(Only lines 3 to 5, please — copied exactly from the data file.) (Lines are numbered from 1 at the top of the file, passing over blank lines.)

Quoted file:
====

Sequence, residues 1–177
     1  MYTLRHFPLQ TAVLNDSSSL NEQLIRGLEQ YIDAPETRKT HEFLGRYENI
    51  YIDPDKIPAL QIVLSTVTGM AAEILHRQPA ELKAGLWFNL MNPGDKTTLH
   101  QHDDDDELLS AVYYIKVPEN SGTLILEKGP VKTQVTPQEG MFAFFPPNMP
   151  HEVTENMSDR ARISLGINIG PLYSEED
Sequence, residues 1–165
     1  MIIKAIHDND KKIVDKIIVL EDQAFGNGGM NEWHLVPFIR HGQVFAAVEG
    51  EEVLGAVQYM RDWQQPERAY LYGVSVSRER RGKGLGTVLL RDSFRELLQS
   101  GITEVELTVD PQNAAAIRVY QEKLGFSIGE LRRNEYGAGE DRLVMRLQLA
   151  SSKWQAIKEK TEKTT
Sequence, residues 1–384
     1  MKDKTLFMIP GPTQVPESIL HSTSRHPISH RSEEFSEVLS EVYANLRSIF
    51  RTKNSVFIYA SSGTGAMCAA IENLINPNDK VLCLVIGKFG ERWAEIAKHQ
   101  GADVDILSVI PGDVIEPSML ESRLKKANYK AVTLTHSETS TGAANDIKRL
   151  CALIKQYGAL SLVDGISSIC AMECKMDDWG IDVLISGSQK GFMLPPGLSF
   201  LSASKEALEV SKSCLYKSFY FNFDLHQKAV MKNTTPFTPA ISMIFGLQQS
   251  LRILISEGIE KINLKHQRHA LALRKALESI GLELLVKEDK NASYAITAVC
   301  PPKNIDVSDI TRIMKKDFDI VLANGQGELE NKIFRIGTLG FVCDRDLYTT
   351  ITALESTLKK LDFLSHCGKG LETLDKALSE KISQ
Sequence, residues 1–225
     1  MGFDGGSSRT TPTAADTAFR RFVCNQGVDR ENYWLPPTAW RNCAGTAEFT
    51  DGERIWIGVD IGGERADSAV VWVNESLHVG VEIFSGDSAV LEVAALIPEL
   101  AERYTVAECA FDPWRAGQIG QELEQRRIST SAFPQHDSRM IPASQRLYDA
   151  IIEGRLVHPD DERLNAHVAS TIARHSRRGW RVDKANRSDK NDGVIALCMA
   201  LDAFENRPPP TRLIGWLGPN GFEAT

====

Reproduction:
    51  YIDPDKIPAL QIVLSTVTGM AAEILHRQPA ELKAGLWFNL MNPGDKTTLH
   101  QHDDDDELLS AVYYIKVPEN SGTLILEKGP VKTQVTPQEG MFAFFPPNMP
   151  HEVTENMSDR ARISLGINIG PLYSEED